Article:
A GLOBAL EDUCATION PROGRAM CAN MAKE A DIFFERENCE* Charles L Mitsakos Chelmsford (Massachusetts) Public Schools This article presents the conclusions drawn as a result of the examination of the effect of the Family of Man social studies program on third grade children's views of foreign peoples Included in this report of the Family of Man Evaluation Study (hereinafter referred to as FAMES) project are summaries of (1) the rationale for the curriculum evaluation study, (2) unique characteristics of the Family of Man, (3) materials and treatment groups, (4) the instruments employed, (5) the findings, and (6) the conclusions drawn from those findings RATIONALE FOR STUDY Can schooling have any significant effect on the attitudes that children have toward other nations and other people? Lambert and Klineberg (1967) conducted a study for UNESCO among 3,300 students, ages six, ten, and fourteen, in eleven parts of the world The researchers used a structured interview sequence in their extensive investigation of children's attitudes toward foreign people Lambert and Klineberg found that children around ten years of age or less were particularly receptive to learning about other people By age fourteen, these same children appeared to be less receptive while at the six year age level, their orientation was a somewhat suspicious one The researchers concluded that whether the favorable attitude of the pre-teen years remained was primarily dependent on socio-cultural events Among the other studies that indicate the effect that the socializing forces in a child's environment have on children's attitudes of other peoples is that of Beyer and Hicks Their investigation of 3,000 seventh and twelfth grade students' images of Africa revealed that students were actually learning false information rather than learning no information at all Younger students' perceptions of Africa, south of the Sahara, focused on Africa as being characterized as "wild animals," "witch doctors," and "spears ." The investigators concluded that this attitude is developed at a very young *The Family of Man Evaluation Study Project was conducted in cooperation with the Social Education Department of the School of Education at Boston University under a grant from the Longview Foundation for Education in World Affairs and International Understanding 1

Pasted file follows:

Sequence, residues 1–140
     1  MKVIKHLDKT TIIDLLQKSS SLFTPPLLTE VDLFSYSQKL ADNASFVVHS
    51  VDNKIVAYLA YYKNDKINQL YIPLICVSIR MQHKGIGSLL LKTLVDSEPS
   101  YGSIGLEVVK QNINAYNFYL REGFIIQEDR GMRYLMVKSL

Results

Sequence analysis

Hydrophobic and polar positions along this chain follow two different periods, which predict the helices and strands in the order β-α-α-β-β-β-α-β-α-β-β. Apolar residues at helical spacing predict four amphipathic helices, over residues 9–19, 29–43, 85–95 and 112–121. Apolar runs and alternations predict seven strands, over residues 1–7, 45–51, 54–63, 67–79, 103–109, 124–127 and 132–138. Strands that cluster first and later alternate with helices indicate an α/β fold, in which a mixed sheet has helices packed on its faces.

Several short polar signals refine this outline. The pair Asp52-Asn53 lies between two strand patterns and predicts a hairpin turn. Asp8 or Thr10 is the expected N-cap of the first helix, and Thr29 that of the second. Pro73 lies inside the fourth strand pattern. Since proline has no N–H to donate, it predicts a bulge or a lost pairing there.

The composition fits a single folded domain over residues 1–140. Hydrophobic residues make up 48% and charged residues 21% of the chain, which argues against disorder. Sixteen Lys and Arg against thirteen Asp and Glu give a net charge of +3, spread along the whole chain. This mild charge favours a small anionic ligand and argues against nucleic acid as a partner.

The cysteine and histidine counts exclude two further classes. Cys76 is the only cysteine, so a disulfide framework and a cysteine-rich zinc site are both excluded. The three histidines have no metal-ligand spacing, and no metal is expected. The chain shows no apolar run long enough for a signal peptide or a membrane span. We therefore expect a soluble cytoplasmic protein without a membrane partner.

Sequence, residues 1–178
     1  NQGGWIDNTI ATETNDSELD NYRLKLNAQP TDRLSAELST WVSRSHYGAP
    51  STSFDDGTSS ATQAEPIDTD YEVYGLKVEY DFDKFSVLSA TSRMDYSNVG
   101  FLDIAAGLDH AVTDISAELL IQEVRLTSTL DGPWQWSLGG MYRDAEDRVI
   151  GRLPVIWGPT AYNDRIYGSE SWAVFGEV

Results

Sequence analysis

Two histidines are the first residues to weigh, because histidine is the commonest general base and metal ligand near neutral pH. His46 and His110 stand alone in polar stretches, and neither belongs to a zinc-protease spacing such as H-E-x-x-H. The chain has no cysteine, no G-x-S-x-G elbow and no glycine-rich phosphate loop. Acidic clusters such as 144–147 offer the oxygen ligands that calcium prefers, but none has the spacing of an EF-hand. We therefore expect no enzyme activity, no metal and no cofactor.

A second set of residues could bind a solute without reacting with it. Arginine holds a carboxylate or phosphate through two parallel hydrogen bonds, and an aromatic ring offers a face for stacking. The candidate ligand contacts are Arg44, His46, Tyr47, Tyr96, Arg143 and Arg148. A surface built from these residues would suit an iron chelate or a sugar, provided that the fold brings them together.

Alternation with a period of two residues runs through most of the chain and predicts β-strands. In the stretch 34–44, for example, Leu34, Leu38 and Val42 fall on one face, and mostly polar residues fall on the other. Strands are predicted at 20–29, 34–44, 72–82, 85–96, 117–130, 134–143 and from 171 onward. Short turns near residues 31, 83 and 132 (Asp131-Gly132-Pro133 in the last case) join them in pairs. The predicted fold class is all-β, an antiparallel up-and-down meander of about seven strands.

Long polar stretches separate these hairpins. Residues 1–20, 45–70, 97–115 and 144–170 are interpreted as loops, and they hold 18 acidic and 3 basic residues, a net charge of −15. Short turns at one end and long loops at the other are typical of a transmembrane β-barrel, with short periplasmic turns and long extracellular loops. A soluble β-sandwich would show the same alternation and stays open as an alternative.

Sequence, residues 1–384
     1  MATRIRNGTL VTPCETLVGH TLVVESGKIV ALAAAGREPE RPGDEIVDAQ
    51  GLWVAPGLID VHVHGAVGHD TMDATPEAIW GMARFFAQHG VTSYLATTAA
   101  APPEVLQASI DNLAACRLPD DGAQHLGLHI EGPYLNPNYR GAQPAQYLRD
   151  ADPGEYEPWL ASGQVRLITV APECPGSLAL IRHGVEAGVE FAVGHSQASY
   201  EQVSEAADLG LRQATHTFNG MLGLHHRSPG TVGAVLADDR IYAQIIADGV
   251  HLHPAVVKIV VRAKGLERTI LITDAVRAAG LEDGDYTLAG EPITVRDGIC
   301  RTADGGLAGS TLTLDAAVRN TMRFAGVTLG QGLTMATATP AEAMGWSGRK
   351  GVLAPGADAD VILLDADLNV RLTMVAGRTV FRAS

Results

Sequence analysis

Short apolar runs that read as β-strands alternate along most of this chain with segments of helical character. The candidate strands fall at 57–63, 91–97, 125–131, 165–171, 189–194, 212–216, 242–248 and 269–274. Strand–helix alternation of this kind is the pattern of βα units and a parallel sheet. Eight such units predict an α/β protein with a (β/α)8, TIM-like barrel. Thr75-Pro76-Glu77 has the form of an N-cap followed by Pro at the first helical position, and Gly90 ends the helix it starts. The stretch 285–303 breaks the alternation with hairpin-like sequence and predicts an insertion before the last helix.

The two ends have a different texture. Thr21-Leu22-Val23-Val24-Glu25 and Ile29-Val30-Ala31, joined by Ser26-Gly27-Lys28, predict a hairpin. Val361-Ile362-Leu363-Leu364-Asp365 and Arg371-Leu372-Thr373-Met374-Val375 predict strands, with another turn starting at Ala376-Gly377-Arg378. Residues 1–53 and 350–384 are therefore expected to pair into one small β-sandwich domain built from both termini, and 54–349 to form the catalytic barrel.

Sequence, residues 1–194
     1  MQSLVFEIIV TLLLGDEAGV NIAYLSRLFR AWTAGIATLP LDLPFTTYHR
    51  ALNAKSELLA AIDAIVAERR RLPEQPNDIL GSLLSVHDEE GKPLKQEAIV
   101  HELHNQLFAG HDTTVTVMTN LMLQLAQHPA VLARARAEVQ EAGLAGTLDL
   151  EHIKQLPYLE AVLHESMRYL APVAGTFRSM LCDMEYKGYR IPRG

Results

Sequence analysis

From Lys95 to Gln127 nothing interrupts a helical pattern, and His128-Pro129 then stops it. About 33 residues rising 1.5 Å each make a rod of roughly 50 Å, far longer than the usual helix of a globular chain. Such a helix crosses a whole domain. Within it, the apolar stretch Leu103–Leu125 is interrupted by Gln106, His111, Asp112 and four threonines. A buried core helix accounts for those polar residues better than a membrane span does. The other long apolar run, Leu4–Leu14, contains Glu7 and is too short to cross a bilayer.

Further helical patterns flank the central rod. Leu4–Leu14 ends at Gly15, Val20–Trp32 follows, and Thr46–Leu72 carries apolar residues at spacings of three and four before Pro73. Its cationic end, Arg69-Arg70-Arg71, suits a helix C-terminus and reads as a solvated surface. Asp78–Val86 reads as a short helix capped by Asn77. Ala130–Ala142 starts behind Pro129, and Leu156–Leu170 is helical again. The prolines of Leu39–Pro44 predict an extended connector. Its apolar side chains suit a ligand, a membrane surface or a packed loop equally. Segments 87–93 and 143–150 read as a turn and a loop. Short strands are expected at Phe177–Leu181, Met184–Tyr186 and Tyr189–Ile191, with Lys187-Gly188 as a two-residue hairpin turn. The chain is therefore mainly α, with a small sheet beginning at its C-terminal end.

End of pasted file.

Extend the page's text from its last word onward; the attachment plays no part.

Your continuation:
age and is affected to a large extent by the mass media and by the nature of curriculum materials used in the schools (Beyer and Hicks, 1970) Middle childhood has been described as the critical period in the development of social attitudes (Torney and Morris, 1972) while Piaget suggests that by age eight most children achieve a different type of cognitive functioning that enables them to overcome much of the egocentric perspective which characterized their earlier thought (Flavell, 1963) Socio-cultural events in the child's environment appear to have a strong impact on attitude formation The question remains however whether a carefully designed social studies program can have an impact on the perceptions of other people that primary grade children develop from grades 1-3 or from ages 6-9 Although an investigation of elementary school level social studies curriculum guides has shown some attempts to integrate the intercultural dimension at this level, the analysis also revealed that a number of these guides contained implications and unintentional references that may actually foster negative attitudes or anti-global education views (Torney and Morris, 1972) A number of social scientists and educators have voiced concern about the superficial nature of much of the teaching of cross-cultural perspectives in the elementary school curriculum (Bohannan, 1973) The major purpose of the FAMES Project was to investigate just what effect a primary grade social studies program with a strong global education and cross-cultural dimension (The Family of Man) had on third grade children's views of foreign peoples as compared to other types of social studies programs The study was designed to (1) compare perceptions children have of other nations and other peoples ; (2) compare evaluative descriptions used by children to describe people of different cultures engaged in activities that are cultural universals ; (3) determine the level of ethnocentrism among subjects ; (4) investigate the effect curriculum has on social studies achievement ; and (5) compare attitudes toward social studies and global education UNIQUE CHARACTERISTICS OF THE FAMILY OF MAN The Family of Man is based on the work of the University of Minnesota Project Social Studies Curriculum Center and is designed to help children learn how to be both nation-minded and world-minded ; to help them learn to understand and appreciate differences in human behavior ; and to help them learn why people believe in and value different things and why to these people such behavior seems natural and right In comparing a variety of cultures, children also discover universals and the psychic unity of humankind (West, 1971) 2